January 4, 2013 VOD
Justin Dix, Eddie Baroo, Adam Patrick Foster
Ditch Davey as Romeo
Amber Clayton as Eve
Peta Sergeant as Wiki
Eddie Baroo as Fourpack
Welcome to Pine Gap, Australia, where human experiments unravel in liberal fashion. Viewers immediately enter a claustrophobic world of chaos as we delve into the depths of an underground compound littered with human carnage and a tangible sense of disorientation. Dead bodies pile up, man-made mutations rampage through this mysterious military facility and everyone is playing mind games, fatal ones at that. the mentally weak are exiled in fatal fashion here, and not a damn thing is as it seems.
Upon first glimpse of a Crawlspace trailer, a voice echoed in this noggin, this is a movie you must see! As it turns out, my genre instincts proved reliable, for a change of pace. Crawlspace is a beautifully dicombobulating feature that leaves the wheels spinning upstairs at a rapid pace while summoning a few very eerie visuals to keep the eyeballs enlarged. A unique blend of physical and psychological horror carry the feature, and director Justin Dix’s (Justin actually has his hands deeply buried in this project handling writing duties, producing, production design and makeup in addition to directing) understanding of the importance of respecting the audience’s intelligence travels great lengths in ensuring the film is not only enjoyable, but intricate as well.
One can see some similarities to film’s like Resident Evil, Aliens, Doom and even Scanners, but there’s a bit of The City of Lost Children in here too. I doubt Dix would cite many, if any, of those films as inspiration, but certain elements of the film definitely conjure familiar memories. That said, this story is relatively original. The idea of experiments gone awry isn’t anything new, and neither is the examination of telepathic abilities and the abandonment, or (perhaps I should say) jumbling of sensory perception, but Crawlspace integrates a powerful subplot that separates it from other similarly themed productions.
The acting, I should note, is also surprisingly impressive. This is an ensemble that not only convinces on singular levels, but works quite well together. Spotting an out-of-place character or performer is challenging and that speaks testament to the time and care invested in this casting call. Amber Clayton is more than a gorgeous woman, she’s a refined performer who portrays a mentally tormented patient with a sinister side like you wouldn’t believe. She either studied this script religiously, or she’s a riveting woman away from the camera; Eve boasts a highly complex and moving persona. Ditch Davey does his part to counter the feminine dominance onscreen, tackling the “hero” role of Romeo with reckless abandon. He’s fully vested in the character, and dedicated to the idea of projecting his own brand of inner pain. Eddie Baroo and Peta Sergeant round out a memorable crew.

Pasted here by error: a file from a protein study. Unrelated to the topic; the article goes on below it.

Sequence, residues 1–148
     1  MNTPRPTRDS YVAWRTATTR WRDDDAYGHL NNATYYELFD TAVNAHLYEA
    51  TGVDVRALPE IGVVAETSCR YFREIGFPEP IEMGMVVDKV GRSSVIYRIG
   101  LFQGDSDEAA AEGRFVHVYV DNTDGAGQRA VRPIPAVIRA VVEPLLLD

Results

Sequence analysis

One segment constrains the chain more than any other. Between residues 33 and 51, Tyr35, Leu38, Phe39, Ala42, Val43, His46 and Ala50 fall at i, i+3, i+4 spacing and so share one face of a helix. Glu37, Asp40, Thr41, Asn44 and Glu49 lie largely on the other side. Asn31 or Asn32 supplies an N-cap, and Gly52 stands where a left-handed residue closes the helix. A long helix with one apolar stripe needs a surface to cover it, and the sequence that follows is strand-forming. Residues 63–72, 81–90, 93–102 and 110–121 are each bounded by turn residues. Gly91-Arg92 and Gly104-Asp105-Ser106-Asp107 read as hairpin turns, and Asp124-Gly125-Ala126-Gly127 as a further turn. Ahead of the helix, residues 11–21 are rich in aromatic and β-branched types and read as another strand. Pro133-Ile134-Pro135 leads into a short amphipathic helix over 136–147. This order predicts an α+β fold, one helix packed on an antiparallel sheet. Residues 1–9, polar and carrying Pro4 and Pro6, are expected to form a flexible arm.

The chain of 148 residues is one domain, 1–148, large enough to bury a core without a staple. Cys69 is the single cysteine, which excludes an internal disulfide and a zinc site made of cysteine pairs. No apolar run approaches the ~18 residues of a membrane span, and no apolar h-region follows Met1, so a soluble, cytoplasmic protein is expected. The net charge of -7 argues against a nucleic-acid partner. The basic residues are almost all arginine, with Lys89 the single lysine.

Crawlspace is the kind of picture that holds so many surprises and unorthodox spins that it’s tough to divulge too many details. You’ve been given a really, really loose idea of what the movie is all about, and to embellish any further will only hinder the first-time viewing experience. Know this, Crawlspace is action packed, bold, intelligent and crammed with awesome cinematography and taut scenes. It’s another homerun for Australia, as Crawlspace succeeds on countless levels; levels that often seem to go dismissed by American filmmakers. But it’s not just a homerun for Australia, it’s a homerun for Justin Dix as well, who has birthed a serious genre gem.